Ganges Harbour, known by the Coast Salish First Nations as "Shiya'hwt", is located at the southwest end of Salt Spring Island, in the Southern Gulf Islands of British Columbia. At the head of the harbour lies the modern village of Ganges which is built upon the remains of an extensive Coast Salish village known as the "Shiya'hwt village site".
Immediately adjacent to this ancient village site lies Grace Islet, a small and beautiful rocky island, which is accessible by foot during low tides. An archaeological survey on behalf of the property owner in 2007 identified two locations of observed ancient human remains and at least 15 pre-contact burial cairns on the islet. Thus, like many small islets in the Southern Gulf Islands of B.C., Grace Islet is a recorded First Nation Burial islet (DfRu-009) in both the memories of local Coast Salish people and in the Provincial Registry of Heritage Sites.
Members of neighbouring Coast Salish First Nations in lower British Columbia have long known Grace Islet as a sacred burial ground for their ancestors. In addition to this commonly held knowledge archaeological surveys conducted as early as 1971 have demonstrated the significant nature and extent of cultural remains on Grace Islet. As a consequence, the entire island is protected by the Heritage Conservation Act (HCA). In spite of this “protection” Grace islet was zoned residential and sold to a private individual, who then applied for an alteration permit to allow him to build a house.
In one of many letters to the Archaeological Branch the Penelakut wrote "Our First Nation has clearly stated to the Ministry and to the Archaeology Branch our fundamental opposition to the proposed housing development at Grace Islet in our previous correspondence. The Penelakut Tribe has written in length to express our concerns for upholding our customary laws, beliefs, and aboriginal rights to protect our ancestral dead from further disturbance by private development at this burial site. As repeated by our Penelakut Tribe Elders and staff during our meeting with the Archaeology Branch, we consider this whole islet to be an ancient and historical First Nation cemetery. As a cemetery - a resting place to bury family members and others whom have passed - we believe this sacred place must be publicly respected and preserved, not allowed by your Ministry to be developed and desecrated for further residential development."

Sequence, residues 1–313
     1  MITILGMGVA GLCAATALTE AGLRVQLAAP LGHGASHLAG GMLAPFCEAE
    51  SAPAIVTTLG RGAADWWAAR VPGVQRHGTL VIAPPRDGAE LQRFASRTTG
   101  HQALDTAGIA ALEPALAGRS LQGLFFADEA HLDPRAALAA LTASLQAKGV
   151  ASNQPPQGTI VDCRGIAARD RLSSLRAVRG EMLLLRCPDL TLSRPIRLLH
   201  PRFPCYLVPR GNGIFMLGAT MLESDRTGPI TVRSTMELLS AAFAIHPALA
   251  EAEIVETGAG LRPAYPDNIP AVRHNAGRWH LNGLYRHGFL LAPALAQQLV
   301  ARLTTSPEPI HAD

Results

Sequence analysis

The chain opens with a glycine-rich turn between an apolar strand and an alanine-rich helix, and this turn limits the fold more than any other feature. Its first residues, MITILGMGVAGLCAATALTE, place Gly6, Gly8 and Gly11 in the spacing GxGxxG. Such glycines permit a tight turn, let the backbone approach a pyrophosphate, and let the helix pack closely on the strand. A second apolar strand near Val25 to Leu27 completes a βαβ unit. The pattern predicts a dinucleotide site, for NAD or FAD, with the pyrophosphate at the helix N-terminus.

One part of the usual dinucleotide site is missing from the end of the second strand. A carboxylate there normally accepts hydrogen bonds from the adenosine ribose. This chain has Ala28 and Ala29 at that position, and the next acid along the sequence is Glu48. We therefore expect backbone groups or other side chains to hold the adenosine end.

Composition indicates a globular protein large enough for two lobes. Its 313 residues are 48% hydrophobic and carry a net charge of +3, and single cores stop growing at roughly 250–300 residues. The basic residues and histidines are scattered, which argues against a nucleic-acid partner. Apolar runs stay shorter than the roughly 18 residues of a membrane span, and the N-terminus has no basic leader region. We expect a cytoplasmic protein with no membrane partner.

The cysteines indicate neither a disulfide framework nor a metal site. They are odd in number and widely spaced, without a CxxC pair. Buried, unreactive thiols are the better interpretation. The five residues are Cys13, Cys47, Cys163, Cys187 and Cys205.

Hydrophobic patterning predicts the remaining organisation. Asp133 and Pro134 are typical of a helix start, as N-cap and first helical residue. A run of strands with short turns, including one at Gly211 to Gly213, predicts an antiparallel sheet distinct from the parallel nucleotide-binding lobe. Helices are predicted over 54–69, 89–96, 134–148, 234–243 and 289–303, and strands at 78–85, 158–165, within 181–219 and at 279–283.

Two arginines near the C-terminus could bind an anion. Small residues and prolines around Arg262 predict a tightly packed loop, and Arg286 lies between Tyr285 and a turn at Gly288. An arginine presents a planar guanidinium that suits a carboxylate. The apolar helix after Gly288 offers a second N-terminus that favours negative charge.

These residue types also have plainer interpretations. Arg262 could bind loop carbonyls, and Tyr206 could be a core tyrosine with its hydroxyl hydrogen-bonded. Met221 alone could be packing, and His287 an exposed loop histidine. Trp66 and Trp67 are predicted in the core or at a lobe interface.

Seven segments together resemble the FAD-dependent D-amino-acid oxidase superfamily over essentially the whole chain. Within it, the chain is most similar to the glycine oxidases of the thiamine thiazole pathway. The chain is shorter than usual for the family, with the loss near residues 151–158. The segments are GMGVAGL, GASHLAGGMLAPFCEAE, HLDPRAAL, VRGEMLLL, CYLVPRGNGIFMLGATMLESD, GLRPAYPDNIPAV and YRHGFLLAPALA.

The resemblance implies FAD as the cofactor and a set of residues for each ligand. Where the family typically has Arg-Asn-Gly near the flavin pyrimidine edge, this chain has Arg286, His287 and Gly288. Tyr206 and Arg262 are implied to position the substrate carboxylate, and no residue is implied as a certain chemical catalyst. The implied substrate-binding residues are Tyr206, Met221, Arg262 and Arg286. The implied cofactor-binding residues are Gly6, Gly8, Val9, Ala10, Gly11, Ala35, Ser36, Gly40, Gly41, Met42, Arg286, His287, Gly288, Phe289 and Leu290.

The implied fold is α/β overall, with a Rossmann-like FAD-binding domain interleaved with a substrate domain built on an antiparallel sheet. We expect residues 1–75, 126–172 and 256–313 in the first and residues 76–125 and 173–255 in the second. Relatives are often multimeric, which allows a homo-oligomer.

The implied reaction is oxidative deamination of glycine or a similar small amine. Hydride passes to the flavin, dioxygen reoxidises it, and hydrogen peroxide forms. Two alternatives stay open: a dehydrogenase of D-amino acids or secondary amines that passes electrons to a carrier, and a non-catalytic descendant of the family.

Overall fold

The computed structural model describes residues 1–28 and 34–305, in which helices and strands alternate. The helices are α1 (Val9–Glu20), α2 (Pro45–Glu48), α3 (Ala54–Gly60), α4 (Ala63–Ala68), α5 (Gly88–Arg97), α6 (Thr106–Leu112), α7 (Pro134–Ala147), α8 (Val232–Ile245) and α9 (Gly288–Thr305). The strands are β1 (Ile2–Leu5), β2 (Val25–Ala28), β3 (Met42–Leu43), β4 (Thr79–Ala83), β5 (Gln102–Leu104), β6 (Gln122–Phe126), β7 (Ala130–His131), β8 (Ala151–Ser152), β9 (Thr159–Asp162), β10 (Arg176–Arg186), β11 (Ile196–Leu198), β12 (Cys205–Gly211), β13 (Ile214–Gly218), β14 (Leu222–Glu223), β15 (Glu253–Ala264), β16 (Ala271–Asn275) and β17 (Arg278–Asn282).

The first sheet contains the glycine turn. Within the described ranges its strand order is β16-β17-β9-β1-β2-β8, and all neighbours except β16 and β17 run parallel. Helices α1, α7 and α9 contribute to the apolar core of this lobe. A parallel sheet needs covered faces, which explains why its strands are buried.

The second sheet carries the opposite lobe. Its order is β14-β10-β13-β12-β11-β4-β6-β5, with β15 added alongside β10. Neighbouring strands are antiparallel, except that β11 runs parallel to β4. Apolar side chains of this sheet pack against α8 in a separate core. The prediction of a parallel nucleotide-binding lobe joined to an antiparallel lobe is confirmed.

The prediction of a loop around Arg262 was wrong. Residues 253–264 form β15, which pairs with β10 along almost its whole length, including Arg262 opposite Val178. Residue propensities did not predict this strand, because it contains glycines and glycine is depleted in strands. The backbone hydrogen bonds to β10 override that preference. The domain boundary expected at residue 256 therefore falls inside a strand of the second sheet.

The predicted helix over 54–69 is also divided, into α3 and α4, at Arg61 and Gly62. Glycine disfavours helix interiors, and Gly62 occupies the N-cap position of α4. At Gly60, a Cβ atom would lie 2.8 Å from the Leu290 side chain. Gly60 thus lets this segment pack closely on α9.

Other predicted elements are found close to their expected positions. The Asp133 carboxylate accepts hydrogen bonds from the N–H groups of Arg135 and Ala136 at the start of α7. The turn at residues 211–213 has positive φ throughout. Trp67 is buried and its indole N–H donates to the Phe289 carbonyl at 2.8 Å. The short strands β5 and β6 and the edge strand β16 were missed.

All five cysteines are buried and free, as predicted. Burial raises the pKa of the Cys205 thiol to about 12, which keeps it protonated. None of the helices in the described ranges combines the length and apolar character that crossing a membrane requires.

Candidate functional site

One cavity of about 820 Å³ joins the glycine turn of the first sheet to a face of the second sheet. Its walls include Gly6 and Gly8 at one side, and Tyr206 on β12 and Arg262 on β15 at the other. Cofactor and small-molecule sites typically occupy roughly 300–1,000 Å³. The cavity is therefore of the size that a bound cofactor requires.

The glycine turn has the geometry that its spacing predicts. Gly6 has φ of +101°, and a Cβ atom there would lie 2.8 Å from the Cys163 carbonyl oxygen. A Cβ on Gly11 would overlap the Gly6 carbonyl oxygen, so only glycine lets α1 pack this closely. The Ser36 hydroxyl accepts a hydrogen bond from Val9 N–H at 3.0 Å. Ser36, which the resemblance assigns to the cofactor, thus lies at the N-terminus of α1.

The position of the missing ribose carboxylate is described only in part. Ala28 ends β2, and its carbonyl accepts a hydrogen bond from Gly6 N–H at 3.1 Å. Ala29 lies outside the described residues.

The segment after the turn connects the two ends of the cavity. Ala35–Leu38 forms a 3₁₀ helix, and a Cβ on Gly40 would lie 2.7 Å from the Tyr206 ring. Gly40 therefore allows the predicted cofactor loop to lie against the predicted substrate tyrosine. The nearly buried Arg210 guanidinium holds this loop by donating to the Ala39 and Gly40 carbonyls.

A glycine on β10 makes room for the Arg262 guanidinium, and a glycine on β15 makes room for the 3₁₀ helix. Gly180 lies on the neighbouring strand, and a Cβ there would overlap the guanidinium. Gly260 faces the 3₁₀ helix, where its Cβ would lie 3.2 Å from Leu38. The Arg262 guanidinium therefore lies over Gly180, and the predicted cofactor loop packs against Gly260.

On September 17, 2013 the Archaeology Branch notified the Penelakut, Cowichan, Halalt, and Tsartlip First Nations that the decision had been made to grant the amendment to allow for construction to proceed. In this letter the Archaeology Branch also stated that: "This decision results from balancing the Hul'qumi'num and Tsartlip expressed aboriginal right to care for their ancestors with the fee simple property rights held by the permit applicant." “Refusing authorization to build the residence allows the site to be preserved in its current condition. This option aligns with the First Nations’ position and is the best outcome from a site conservation perspective. However this option also denies the rights of the property owner to most uses of the land. As the Province does not have a program of funds to purchase the property this option is the most unbalanced of the three.”
Efforts have been made to put together the funding to purchase and protect the islet and compensate the owner for his expenses to date but the owner has refused.
Chronology of Events
Correspondence and Documents
Architectual Description and Renderings